Israel is still calling the mass protests an excuse to cover for Hamas terrorist enterprises such as breaching the fence and says they are using the crowds to provide human shields as cover. For example, they shot two terrorists who fired at IDF troops last week, and this weekend released a photo of explosives they said were left at the border fence. The majority of the international community understands the event as a peaceful protest and is decrying Israel’s use of deadly force.
The International Criminal Court, a largely symbolic judicial body with little enforcement power, says both Israel and Hamas may have committed war crimes through Israel’s live fire on civilians and Hamas’ use of human shields. Images are also circulating of a Swastika alongside the Palestinian flag on a pole at the border.
In response to the tire-burning, the IDF deployed water cannons and a huge fan to disperse the smoke. The Jerusalem Post reports that Israel has also halted all imports of tires into the Gaza Strip.
The protests are scheduled to last for several more weeks into May.
Terrorist Stabbing Foiled in West Bank
A potentially fatal stabbing was prevented on Sunday when an armed Israeli civilian shot a Palestinian who was attempting to stab another Israeli with a screwdriver at a West Bank gas station.
Ha’aretz reports that the suspect was seriously injured and taken to a hospital for treatment. No other injuries were reported, though three were treated for shock.
This attempt comes days after a knife was found hidden in a Palestinian’s sock at the Cave of Machpelah.
Political Infighting over Independence Ceremony
An internal political tiff between senior members of Israel’s conservative Likud party is becoming a public dispute over Israel’s scheduled Independence Day torch-lighting ceremony on April 18.
Essentially, it comes down to this. Traditionally, Knesset Speaker Yuli Edelstein presides over the Independence Day torch-lighting ceremony. But other elements inside the same political party want Netanyahu to preside and speak at the ceremony, which is a big offense to the speaker of the Knesset. So big an offense that Edelstein said if Netanyahu insists on appearing, he might boycott the event, Ha’aretz reports.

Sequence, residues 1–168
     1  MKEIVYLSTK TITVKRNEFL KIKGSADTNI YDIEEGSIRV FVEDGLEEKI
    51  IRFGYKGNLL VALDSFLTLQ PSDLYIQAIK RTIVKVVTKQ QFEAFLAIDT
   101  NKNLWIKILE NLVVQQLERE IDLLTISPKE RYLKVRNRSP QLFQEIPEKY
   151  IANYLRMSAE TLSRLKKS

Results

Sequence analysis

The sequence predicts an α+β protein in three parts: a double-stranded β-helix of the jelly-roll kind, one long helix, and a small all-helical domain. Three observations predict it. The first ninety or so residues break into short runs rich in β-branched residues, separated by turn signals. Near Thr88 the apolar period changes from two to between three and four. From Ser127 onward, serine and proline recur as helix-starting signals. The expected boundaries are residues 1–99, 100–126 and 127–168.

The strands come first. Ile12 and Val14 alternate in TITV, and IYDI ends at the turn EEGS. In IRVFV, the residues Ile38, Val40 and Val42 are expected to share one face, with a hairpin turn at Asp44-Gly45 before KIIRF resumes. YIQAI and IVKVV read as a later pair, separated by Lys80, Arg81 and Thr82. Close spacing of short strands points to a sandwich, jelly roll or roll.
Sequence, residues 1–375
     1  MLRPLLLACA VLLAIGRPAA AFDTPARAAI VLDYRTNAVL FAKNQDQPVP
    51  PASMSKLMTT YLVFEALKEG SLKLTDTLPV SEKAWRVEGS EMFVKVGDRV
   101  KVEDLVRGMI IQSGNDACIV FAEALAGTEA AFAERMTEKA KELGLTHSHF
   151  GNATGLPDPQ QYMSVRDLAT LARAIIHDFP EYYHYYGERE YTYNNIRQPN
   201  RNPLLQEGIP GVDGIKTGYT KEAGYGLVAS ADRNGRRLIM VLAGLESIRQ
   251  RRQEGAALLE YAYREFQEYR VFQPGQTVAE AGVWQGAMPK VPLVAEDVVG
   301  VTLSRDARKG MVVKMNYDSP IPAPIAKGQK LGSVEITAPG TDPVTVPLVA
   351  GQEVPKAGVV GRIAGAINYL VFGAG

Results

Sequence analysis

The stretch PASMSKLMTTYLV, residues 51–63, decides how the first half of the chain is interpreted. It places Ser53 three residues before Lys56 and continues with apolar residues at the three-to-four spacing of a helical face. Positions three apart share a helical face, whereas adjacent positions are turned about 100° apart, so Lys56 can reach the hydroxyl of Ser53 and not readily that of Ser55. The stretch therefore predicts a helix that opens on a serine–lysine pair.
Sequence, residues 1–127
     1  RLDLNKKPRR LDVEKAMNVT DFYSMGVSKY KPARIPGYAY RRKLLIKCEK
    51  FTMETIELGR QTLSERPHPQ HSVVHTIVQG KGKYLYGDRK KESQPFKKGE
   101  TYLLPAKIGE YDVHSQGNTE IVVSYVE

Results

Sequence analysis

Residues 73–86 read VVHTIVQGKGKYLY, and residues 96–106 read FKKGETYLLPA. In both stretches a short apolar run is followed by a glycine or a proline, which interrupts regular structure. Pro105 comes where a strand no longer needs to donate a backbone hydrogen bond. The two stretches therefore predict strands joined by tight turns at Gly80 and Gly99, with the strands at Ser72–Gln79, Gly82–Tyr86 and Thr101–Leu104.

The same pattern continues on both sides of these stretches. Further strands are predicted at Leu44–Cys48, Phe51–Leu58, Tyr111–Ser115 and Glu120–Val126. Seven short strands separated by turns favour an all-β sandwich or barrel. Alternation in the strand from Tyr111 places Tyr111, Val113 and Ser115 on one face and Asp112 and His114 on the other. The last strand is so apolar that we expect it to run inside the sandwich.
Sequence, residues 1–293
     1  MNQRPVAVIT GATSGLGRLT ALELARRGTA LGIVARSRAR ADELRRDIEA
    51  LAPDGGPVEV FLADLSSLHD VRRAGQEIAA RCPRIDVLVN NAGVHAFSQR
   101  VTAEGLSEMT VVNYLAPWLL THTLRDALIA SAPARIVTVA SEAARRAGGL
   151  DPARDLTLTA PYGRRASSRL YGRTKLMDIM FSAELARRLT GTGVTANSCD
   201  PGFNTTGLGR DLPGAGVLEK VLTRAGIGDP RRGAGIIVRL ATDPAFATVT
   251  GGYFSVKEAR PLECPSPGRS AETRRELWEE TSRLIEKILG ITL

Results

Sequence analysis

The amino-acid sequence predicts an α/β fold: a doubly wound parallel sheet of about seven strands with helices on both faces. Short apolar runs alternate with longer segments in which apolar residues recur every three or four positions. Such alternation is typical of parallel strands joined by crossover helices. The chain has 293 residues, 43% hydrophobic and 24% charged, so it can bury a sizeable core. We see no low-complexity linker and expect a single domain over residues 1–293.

Now it seems that a deal has been reached where Edelstein will still run the show, but Netanyahu will have the honor of lighting the torch, a part of the ceremony that has its own controversial Latin American connection. Honduran President Juan Orlando is set to participate in the torch ceremony, and he would be the first foreign head of state to do so, but some are saying he is not the right person for this honor given a long list of human rights atrocities and corruption charges under his regime.
Political showdowns and international diplomacy aside, this year’s independence celebrations are highly anticipated as they will mark Israel’s 70th anniversary.
Secular Schools to use only Bible for religion class
For the first time, Israel’s Education Ministry is banning the use of workbooks for Bible classes in secular state schools mandating the use of the original biblical text instead.
So instead of using lessons, worksheets, and textbooks in religion classes in the secular schools, students in Bible classes will be reading straight from the original text.
Ha’aretz reports that the Education Ministry believes that the books “deprive the material of depth” and don’t put students in close enough contact with the text.
Opponents of the new switch are worried that the teachers may not be able to deal with some of the more difficult passages in the text without the teaching aids. The plan will be implemented over time starting in 2019, and this applies only to the state-run secular schools. Religious schools and private institutions are still free to use their own material.
While this might not be front-page news, it provides a window into the debate over religious instruction in a politically secular state.